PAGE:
Mr. Gage brightened visibly. "They are, indeed. Now, when I was in Manila," — and he launched into a highly instructive lecture on the Malay and all his works, talking rapidly and tersely; his phrases full of vigor and originality, his descriptions vivid and picturesque; in fact, it has rarely been my good fortune to listen to so brilliant a conversationalist — though conversation it could hardly be called, for by common consent he had the floor to himself.
Occasionally I asked a question, or Lamison punctuated the discourse with nods of approval as he flicked his cigar ashes on the floor. From the Philippines we wandered to the Chinese empire and its destiny. Gage had spent two years in Tientsin and Hong Kong and was as well informed and interesting as man could be. His observation was phenomenal, and his memory likewise, and he had a way of presenting his facts that was positively evocative. J felt, after listening to him, that the recollections were my own, so distinctly did he force his mental pictures into my consciousness. He was eminently moderate in all his views, avoiding extremes and holding a mean of charity and common sense that is, to say the least, unusual.
A flash of lightning that stared suddenly through the windows, and was followed by a terrific thunder clap, made us start and pause. Mr. Gage arose and, going to the window, looked out into the murky night, remarking as he did so on the suddenness and violence of storms in the tropics.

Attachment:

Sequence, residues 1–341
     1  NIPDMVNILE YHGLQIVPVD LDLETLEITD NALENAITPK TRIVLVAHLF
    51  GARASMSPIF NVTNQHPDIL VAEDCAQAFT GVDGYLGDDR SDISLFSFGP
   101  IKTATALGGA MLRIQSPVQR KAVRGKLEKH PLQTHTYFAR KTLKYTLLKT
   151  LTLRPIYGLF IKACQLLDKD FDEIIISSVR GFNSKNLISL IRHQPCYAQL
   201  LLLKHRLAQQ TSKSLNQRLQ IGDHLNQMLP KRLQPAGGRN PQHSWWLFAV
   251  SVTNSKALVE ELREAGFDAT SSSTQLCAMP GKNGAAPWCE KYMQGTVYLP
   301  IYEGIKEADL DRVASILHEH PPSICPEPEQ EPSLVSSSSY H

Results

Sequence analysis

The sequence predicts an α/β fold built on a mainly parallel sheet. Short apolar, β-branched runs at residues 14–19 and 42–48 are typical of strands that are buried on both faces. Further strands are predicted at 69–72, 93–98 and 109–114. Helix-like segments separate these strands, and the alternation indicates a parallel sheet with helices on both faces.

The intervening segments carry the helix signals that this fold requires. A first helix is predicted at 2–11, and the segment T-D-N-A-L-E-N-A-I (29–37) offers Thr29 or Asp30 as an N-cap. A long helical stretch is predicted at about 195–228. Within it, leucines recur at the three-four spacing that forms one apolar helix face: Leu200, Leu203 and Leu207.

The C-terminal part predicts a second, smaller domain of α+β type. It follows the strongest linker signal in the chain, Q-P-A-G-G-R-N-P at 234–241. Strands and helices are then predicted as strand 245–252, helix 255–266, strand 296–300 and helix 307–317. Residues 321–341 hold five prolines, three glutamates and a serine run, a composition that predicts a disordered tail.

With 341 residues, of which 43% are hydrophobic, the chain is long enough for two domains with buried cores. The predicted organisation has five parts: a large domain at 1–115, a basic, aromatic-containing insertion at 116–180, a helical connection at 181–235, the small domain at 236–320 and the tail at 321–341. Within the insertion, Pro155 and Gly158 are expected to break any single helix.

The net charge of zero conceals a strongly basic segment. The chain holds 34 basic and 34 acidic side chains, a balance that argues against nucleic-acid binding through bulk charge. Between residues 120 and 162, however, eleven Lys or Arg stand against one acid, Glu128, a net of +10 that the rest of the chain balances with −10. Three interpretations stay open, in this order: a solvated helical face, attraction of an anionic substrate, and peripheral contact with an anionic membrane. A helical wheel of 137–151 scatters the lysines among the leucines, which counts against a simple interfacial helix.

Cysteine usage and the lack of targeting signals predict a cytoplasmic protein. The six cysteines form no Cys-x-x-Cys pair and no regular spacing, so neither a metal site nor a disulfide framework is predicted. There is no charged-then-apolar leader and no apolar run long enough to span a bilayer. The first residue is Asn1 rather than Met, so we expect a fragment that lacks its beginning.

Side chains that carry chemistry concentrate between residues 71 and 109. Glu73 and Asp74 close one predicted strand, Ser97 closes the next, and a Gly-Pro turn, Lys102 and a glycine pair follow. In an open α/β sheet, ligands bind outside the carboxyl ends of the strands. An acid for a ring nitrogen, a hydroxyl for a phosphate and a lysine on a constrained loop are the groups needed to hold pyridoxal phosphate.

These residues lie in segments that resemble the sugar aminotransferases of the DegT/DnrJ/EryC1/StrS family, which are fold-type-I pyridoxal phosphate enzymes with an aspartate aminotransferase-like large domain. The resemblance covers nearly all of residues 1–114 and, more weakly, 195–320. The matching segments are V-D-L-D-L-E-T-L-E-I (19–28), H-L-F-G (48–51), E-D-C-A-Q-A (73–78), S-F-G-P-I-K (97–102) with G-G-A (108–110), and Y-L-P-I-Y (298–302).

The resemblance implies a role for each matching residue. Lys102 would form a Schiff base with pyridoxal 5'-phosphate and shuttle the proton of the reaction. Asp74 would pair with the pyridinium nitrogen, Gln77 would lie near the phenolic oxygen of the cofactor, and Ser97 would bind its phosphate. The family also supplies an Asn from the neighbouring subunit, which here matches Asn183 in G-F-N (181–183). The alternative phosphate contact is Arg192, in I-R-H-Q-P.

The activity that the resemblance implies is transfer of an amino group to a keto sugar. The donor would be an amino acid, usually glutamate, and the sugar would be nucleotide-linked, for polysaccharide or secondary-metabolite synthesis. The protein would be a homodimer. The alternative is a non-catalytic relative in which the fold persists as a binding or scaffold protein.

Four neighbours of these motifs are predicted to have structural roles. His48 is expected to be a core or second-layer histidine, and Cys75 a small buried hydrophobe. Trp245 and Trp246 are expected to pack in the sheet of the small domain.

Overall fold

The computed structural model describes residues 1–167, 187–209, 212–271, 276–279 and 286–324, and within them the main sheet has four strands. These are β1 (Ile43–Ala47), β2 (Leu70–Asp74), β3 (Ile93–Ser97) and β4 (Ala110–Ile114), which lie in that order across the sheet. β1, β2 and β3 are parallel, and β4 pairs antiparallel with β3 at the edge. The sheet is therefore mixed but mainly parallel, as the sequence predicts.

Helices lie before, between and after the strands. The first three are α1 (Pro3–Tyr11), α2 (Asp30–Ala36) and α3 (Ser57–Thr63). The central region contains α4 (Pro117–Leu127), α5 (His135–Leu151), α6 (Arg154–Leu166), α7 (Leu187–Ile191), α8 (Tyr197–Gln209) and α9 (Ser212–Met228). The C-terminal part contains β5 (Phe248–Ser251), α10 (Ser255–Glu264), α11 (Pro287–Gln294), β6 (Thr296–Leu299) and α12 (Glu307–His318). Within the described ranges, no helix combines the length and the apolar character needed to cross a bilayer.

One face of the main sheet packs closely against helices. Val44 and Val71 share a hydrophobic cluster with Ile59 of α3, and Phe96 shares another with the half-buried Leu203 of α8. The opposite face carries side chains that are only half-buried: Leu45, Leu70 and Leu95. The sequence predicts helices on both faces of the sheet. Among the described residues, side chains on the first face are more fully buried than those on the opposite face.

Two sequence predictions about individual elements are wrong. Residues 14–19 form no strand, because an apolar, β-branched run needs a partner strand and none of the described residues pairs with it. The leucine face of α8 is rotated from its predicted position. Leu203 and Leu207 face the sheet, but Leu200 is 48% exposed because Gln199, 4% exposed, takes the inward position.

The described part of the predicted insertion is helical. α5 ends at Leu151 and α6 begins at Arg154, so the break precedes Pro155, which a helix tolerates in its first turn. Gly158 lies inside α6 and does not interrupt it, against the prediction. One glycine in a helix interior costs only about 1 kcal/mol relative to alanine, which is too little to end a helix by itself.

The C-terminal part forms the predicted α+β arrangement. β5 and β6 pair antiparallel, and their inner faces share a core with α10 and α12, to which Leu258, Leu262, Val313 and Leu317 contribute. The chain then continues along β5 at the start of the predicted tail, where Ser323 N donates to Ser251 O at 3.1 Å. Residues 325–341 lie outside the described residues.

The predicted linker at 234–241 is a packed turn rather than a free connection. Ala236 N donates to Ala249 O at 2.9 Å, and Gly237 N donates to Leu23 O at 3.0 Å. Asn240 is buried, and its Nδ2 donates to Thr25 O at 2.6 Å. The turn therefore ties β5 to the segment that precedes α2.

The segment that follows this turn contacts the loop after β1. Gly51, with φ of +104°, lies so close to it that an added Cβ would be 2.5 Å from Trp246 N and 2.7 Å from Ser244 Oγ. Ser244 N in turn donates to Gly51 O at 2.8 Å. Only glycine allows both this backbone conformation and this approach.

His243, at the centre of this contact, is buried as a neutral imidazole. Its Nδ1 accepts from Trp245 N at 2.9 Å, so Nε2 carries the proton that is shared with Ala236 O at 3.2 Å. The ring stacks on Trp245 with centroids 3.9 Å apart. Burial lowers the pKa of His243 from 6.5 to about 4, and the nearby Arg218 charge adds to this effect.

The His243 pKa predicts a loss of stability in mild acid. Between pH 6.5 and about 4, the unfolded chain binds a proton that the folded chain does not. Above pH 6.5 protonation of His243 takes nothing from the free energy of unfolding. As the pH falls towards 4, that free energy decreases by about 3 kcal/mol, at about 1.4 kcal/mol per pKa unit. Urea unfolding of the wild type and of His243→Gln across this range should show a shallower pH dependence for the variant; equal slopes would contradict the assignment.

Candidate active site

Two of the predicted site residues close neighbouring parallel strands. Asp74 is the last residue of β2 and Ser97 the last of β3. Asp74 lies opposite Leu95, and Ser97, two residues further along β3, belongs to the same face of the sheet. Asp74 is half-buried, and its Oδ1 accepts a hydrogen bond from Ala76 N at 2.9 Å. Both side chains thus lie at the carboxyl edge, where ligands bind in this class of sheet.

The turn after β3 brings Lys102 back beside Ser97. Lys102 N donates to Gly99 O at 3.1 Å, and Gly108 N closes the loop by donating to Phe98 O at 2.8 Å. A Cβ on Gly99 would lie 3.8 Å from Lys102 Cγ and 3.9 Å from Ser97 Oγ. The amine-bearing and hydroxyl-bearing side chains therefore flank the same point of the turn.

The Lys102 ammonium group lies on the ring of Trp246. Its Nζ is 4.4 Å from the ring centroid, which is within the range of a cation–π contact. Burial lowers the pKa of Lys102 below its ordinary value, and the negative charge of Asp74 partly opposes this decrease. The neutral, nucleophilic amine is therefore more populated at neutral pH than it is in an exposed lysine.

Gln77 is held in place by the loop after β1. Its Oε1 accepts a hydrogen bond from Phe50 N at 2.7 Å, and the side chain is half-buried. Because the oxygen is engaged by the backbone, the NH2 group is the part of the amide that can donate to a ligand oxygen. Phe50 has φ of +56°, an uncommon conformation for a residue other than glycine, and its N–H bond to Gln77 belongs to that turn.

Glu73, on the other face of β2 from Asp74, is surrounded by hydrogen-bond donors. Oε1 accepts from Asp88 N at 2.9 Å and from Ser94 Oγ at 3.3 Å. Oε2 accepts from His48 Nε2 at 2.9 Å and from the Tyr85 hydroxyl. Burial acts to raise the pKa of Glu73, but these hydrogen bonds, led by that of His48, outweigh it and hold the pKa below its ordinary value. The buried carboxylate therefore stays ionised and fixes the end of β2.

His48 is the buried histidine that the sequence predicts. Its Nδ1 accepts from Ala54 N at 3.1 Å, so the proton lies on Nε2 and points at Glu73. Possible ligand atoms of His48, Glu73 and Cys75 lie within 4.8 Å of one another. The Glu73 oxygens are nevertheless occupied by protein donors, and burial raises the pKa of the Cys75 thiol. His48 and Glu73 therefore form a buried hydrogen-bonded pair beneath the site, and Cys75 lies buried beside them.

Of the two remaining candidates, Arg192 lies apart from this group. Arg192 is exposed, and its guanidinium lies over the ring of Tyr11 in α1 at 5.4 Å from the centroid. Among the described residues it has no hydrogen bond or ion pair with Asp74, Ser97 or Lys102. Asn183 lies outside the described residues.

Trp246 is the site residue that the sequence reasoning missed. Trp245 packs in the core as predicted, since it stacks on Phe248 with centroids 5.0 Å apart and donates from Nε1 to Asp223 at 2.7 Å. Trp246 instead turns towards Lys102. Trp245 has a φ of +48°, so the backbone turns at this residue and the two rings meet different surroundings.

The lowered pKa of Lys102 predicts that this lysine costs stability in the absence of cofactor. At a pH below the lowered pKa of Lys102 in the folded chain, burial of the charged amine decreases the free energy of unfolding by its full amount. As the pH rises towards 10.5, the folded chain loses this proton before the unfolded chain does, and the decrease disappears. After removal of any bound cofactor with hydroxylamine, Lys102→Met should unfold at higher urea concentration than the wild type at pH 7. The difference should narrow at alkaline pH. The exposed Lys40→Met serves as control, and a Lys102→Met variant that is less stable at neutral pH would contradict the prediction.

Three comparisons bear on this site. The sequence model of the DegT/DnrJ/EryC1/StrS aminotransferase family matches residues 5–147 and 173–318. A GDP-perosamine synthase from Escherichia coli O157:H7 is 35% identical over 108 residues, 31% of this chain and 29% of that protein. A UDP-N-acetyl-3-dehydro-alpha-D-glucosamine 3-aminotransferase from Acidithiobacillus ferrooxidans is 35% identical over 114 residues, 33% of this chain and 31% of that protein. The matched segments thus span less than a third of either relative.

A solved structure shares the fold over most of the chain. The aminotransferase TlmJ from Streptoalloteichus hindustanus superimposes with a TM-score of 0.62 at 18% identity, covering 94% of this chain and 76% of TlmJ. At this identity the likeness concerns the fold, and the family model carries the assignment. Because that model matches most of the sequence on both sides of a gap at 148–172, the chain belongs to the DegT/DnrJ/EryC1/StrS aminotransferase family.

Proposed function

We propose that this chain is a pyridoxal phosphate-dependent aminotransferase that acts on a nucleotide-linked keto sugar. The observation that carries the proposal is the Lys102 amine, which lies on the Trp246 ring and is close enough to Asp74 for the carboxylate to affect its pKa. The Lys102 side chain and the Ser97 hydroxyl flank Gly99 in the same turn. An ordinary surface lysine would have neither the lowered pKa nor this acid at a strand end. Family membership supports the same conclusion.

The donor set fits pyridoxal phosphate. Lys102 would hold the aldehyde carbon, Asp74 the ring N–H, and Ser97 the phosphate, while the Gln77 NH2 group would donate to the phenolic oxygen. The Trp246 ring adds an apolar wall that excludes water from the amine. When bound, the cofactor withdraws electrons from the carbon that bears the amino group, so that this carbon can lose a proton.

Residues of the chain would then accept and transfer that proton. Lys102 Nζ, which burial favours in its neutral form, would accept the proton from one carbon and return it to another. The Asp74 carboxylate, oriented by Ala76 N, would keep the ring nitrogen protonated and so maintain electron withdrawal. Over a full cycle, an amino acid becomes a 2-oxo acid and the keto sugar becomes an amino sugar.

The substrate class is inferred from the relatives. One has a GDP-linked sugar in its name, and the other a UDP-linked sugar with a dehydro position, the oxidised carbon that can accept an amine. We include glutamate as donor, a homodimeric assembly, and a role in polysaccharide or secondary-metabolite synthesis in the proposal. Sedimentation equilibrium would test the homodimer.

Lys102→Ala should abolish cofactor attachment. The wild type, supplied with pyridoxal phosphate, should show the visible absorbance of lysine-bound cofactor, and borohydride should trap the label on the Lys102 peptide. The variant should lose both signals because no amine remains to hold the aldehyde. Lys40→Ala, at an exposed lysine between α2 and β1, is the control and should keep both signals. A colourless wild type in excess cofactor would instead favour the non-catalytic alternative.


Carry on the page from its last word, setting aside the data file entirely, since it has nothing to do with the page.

I seized the occasion to nod to Lamison. "What a brilliant chap," I said. "I never heard a man express himself so well and sanely — who is he, anyway?"
"A gentleman and a scholar, also my guest for the present," my host answered. "So you think him well balanced?"
"Eminently so," I said heartily. "Not many men could state the facts of an international feud with such moderation."
Dr. Lamison smiled a strange, grave smile.
Our companion came back from the window whereon the heavy wash of the rain was now playing, and refilled his glass from the pitcher of shandygaff.
"So you are just on the point of making your first trip to the East?" Lamison asked, to my unutterable amazement.
Gage nodded. "Yes. In a few days I shall have decided."
I looked blankly at him.
"Then I suppose you will have your quarrel with the family by next week?" my friend went on.
Gage sighed deeply. "Yes, I shall have to go through with it again. Fortunately the worst stages come first, and I have been feeling the after effects for some days already."
Lamison looked at my confusion with amusement.
"Tell Robertson about it all, old man," he said. "He is perfectly trustworthy, and yours is such an interesting story. To begin with, tell him how old you are."